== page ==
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    ABSTRACT: While biomedical innovations have made it possible to prevent the vertical transmission of HIV from mother to child, poor retention along the prevention of mother-to-child transmission (PMTCT) cascade continues to limit the impact of programmes, especially in low-resourced settings. In many of the regions with the highest burden of HIV and the greatest number of new paediatric cases, the uptake of facility-based care by pregnant women remains low. In such settings, the continuum of care for pregnant women and other women of reproductive age necessarily relies on the community. There is no recent review capturing effective, promising practices that are community-based and/or employ community-oriented groups to improve outcomes for the prevention of vertical transmission. This review summarizes those studies demonstrating that community-based and community-oriented interventions significantly influence retention and related outcomes along the PMTCT cascade. Literature on retention within prevention of vertical transmission programmes available on PubMed, Psych Info and MEDLINE was searched and manuscripts reporting on key prevention of vertical transmission outcomes were identified. Short-listed studies that captured significant PMTCT outcome improvements resulting from community-based interventions or facility-based employment of community cohorts (e.g. lay counsellors, community volunteers, etc.) were selected for review. The initial search (using terms "HIV" and "PMTCT") yielded 430 articles. These results were further narrowed using terminology relevant to community prevention of vertical transmission strategies addressing retention: "community," "PMTCT cascade," "retention," "loss to follow up" and "early infant diagnosis." Nine of these reported statistically significant improvements in key prevention of vertical transmission outcomes while meeting other review criteria. Short-listed articles reflect diverse study designs and a variety of effective interventions. Two interventions occurred exclusively in the community and four effectively employed community groups within facilities. The remaining three integrated community- and facility-based components. The outcomes of the included studies focus on knowledge (n=3) and retention along the PMTCT cascade (n=6). This review captures an array of promising community-based and community-oriented interventions that demonstratively improve key prevention of vertical transmission outcomes. Though the strategies captured here show that such interventions work, the limited number of rigorous studies identified make it clear that expansion of community approaches and complementary reporting and related research are sorely needed.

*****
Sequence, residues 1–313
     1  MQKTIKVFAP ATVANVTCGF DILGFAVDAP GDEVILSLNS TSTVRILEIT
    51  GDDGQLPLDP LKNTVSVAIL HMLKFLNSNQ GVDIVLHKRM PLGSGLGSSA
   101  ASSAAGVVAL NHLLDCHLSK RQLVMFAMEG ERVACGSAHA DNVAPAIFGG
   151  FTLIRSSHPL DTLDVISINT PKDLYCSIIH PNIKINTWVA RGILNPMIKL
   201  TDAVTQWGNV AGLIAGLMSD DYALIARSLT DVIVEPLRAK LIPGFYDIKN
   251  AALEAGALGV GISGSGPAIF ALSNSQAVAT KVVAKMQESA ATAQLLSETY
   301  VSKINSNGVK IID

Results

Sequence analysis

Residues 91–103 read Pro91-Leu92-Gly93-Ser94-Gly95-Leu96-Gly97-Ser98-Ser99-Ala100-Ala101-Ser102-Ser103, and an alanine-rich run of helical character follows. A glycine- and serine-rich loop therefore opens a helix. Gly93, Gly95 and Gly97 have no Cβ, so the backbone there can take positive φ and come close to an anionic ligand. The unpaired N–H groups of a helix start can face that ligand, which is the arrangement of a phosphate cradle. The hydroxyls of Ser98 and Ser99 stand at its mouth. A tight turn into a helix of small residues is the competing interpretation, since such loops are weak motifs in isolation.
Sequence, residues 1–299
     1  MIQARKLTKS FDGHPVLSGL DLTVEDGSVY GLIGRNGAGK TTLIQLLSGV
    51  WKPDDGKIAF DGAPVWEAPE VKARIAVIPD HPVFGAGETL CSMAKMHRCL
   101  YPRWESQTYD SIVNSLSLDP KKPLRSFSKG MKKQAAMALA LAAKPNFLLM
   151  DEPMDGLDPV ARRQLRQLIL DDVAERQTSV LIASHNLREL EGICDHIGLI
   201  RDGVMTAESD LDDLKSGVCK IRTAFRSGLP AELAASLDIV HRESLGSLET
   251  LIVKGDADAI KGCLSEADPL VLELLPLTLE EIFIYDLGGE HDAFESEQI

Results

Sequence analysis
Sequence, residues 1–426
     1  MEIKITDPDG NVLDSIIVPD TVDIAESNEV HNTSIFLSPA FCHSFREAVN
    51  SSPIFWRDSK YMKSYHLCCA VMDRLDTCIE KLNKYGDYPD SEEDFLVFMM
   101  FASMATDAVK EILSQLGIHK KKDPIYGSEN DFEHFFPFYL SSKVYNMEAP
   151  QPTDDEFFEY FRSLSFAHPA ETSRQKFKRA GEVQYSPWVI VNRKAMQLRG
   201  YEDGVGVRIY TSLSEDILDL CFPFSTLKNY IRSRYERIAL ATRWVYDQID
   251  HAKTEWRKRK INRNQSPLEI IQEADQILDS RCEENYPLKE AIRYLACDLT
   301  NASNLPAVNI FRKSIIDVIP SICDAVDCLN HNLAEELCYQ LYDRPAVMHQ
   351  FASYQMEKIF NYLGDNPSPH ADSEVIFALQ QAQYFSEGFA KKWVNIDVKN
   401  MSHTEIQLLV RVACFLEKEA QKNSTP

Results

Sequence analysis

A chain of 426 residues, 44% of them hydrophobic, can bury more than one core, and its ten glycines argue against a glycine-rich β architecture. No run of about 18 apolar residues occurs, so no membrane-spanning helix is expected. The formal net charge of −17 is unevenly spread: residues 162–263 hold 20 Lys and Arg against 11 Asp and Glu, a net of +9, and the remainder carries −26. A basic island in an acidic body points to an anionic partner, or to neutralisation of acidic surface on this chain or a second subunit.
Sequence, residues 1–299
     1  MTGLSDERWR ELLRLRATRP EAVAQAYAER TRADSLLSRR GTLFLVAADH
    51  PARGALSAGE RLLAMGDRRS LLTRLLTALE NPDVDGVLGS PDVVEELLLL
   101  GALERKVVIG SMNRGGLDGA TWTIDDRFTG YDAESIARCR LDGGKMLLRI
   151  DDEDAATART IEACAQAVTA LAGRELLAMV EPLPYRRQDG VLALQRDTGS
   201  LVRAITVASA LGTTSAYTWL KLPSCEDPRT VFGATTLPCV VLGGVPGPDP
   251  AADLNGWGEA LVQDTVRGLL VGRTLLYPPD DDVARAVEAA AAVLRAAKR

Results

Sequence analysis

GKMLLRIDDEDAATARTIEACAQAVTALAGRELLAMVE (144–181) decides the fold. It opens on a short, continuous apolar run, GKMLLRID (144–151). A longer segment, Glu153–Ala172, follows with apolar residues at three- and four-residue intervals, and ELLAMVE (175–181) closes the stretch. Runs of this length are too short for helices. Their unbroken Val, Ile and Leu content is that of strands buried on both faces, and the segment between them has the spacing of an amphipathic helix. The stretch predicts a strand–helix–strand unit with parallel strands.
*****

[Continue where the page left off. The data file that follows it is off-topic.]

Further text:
Full-text · Article · Jul 2012 · Journal of the International AIDS Society